Masnavi 14

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STORY III. The Jackal who pretended to be a Peacock.
A jackal fell into a dye-pit, and his skin was dyed of various colors. Proud of
his splendid appearance, he returned to his companions, and desired them to
address him as a peacock. But they proceeded to test his pretensions, saying,
"Dost thou scream like a peacock, or strut about gardens as peacocks are
wont to do?" And he was forced to admit that he did not, whereupon they
rejected his pretensions. Another story, also on the subject of false
pretenders, follows. A proud man who lacked food procured a skin full of fat,
greased his beard and lips with it, and called on his friends to observe how
luxuriously he had dined. But his belly was vexed at this, because it was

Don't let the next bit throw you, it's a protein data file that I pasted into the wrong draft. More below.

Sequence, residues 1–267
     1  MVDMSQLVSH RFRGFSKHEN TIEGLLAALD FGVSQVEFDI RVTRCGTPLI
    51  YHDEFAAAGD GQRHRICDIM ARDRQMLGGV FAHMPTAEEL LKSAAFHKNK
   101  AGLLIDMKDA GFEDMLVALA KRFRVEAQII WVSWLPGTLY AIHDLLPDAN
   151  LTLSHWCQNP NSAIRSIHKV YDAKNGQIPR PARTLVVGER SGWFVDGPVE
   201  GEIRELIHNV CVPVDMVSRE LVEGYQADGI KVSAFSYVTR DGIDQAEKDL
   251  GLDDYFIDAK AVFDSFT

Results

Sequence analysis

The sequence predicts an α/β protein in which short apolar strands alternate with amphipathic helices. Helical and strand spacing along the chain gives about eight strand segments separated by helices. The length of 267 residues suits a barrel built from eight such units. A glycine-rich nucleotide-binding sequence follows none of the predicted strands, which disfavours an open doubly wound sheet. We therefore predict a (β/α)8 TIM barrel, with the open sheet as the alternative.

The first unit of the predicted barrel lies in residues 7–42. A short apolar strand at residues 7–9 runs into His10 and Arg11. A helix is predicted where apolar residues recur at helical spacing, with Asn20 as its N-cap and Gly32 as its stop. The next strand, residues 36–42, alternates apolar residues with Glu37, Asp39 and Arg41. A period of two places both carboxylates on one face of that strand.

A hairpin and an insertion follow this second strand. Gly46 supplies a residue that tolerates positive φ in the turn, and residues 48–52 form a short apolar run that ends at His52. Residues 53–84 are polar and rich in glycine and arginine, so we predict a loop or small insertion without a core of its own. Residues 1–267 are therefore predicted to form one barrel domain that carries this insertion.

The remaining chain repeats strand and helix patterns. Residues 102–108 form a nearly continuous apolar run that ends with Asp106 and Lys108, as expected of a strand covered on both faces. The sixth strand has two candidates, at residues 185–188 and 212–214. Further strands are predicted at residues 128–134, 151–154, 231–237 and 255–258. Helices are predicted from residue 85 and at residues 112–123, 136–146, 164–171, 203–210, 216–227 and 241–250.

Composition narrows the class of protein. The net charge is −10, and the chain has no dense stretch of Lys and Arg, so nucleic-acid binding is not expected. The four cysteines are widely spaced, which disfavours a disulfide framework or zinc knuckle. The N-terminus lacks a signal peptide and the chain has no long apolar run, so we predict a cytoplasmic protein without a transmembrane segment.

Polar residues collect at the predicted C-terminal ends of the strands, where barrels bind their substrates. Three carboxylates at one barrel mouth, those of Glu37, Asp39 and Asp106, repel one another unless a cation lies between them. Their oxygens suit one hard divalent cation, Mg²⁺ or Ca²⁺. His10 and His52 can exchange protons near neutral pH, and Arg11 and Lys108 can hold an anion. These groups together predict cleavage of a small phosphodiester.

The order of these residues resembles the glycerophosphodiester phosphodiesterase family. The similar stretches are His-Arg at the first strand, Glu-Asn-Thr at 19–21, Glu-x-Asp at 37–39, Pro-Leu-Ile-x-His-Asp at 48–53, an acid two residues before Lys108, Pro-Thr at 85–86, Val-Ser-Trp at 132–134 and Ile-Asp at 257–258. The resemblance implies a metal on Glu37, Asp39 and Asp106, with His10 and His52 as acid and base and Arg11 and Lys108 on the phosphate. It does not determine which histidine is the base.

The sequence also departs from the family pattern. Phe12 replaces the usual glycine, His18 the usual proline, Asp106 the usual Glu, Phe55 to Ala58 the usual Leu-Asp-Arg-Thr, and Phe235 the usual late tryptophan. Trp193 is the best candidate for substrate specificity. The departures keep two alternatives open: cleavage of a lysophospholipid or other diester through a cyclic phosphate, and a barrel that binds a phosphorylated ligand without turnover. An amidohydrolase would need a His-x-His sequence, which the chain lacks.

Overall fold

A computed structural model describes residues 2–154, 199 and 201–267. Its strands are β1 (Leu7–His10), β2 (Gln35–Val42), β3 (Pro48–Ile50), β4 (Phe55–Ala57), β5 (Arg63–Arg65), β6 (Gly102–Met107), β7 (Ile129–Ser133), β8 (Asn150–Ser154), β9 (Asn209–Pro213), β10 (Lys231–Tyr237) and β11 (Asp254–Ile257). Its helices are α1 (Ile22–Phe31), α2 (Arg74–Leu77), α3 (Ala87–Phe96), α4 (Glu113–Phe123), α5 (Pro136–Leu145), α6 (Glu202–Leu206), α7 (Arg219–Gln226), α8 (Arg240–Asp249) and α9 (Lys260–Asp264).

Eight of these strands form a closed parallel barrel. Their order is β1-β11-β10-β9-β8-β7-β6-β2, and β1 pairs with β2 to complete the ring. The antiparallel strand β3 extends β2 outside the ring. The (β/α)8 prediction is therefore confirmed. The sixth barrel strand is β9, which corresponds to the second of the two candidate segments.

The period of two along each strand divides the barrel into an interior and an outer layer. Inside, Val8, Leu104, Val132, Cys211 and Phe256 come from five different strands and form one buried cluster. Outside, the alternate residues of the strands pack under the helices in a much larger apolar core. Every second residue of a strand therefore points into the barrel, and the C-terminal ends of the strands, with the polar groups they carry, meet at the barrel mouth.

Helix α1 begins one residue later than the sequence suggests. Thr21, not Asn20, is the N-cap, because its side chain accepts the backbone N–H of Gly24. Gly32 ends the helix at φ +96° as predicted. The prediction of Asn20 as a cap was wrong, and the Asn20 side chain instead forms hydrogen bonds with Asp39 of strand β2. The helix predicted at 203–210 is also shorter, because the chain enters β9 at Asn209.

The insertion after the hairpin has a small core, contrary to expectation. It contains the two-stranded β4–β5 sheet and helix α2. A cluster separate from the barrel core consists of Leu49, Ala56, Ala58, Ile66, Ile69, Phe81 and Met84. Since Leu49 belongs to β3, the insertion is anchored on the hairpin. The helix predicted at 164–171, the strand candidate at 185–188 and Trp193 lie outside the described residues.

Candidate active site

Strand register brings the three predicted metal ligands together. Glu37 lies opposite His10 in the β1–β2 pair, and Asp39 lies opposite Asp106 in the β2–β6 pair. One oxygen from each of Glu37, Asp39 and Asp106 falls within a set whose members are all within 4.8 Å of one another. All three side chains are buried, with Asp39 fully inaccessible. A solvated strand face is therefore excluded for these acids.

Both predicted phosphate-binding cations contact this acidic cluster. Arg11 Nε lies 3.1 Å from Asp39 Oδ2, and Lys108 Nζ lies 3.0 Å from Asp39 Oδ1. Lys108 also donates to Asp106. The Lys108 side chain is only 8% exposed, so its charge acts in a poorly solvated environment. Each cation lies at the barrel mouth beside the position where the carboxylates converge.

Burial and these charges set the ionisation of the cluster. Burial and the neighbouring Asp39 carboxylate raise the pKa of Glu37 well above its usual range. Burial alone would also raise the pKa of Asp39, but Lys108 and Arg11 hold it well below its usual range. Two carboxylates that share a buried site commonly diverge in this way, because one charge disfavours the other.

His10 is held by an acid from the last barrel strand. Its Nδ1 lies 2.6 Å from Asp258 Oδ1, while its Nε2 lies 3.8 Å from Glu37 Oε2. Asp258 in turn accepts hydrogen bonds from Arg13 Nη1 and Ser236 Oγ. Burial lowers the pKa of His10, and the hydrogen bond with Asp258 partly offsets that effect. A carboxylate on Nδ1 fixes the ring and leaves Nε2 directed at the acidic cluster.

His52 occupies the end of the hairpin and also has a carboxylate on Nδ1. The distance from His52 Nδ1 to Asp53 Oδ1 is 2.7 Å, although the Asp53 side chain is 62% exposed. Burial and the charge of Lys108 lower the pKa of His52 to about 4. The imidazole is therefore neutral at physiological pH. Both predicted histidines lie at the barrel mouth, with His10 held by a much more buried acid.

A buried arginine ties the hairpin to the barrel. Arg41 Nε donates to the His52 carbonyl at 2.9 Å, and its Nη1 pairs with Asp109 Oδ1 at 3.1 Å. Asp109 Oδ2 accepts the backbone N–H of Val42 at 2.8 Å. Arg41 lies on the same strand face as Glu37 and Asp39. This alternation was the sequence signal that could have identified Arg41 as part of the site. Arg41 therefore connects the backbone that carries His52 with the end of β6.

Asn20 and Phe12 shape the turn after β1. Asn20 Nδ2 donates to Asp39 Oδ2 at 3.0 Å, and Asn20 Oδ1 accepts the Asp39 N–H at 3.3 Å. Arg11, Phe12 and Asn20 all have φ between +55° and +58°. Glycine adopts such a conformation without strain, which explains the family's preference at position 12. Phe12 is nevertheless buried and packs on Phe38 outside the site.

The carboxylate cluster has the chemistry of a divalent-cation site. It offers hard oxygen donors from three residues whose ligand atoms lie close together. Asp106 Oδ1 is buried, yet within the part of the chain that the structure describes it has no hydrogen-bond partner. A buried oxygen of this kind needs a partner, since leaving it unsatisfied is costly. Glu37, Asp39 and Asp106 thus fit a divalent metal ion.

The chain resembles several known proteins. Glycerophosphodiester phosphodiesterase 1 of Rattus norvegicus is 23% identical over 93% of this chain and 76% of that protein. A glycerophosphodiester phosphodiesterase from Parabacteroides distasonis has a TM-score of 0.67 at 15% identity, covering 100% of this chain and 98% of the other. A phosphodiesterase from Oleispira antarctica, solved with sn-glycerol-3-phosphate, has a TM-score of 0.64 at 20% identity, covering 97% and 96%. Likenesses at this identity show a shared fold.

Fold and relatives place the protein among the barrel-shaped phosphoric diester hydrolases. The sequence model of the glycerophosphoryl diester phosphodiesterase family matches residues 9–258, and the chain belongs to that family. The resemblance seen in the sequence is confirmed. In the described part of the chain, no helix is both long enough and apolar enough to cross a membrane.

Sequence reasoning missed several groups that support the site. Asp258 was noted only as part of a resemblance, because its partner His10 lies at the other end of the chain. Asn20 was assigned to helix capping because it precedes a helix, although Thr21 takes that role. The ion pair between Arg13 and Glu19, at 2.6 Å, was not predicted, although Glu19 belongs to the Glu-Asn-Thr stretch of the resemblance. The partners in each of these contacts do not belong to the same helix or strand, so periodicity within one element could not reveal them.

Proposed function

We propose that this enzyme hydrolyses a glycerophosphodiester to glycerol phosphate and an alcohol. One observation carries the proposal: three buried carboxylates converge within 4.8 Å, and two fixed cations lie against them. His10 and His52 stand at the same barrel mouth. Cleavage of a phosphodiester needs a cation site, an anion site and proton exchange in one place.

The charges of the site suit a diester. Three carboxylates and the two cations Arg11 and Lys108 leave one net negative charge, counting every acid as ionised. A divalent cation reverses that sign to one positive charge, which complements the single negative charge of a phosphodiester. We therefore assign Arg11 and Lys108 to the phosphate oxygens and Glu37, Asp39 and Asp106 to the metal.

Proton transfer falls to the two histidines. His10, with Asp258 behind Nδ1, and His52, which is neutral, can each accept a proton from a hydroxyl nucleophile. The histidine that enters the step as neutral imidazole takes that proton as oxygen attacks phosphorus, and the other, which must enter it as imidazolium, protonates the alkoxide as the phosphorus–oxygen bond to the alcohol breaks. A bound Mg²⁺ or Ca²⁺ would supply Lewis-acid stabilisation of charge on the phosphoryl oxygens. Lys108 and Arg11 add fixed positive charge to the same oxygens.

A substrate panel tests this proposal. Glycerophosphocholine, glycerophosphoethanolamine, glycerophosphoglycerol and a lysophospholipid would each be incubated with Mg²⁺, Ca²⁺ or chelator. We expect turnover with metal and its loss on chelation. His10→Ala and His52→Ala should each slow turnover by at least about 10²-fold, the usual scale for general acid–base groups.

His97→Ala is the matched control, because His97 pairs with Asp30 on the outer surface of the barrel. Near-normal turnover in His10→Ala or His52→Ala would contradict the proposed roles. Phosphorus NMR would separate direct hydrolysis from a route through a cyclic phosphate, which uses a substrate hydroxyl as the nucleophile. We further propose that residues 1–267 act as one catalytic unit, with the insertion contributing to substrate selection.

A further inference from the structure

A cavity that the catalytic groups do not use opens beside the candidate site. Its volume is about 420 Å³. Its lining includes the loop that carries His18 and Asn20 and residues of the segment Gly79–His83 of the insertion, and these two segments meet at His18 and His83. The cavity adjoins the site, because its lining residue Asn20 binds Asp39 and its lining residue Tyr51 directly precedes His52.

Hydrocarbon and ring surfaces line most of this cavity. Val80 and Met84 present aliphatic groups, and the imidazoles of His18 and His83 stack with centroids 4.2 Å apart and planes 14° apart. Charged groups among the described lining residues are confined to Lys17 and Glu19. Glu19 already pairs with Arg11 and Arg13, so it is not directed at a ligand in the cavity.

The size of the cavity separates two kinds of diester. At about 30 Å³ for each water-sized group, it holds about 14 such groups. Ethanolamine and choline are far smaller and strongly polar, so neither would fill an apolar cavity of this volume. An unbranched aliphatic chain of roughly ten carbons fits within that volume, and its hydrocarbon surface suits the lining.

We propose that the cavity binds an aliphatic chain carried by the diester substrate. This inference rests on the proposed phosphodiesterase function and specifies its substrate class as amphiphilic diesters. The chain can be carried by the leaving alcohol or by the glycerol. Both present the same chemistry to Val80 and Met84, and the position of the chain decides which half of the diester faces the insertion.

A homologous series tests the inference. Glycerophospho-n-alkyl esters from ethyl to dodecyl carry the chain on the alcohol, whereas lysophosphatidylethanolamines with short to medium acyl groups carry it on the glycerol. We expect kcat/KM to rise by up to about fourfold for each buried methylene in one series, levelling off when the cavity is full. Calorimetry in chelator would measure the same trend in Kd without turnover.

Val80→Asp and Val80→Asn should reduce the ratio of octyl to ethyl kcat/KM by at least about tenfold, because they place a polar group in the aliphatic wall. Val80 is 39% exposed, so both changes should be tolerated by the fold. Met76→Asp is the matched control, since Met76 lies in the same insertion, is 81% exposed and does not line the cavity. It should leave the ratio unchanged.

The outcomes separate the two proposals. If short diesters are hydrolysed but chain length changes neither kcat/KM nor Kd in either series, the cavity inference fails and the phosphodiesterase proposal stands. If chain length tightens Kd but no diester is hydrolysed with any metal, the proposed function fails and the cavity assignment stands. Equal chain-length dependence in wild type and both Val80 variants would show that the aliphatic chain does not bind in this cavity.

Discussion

hungry, and he was destroying his chance of being invited to dinner by his
friends. So the belly cried to God, and a cat came and carried off the skin of
fat, and so the man's false pretences were exposed. The poet takes occasion to
point out that Pharaoh's pretensions to divinity exactly resembled the
pretensions of this jackal, and adds that all such false pretenders may be
detected by the mark noted in the Koran, "Ye shall know them by the
strangeness of their speech." 1 This recalls the story of Harut
and Marut, two angels who were very severe on the frailties of mankind, and
whom God sent down upon the earth to be tempted, with the result that they both
succumbed to the charms of the daughters of men. 2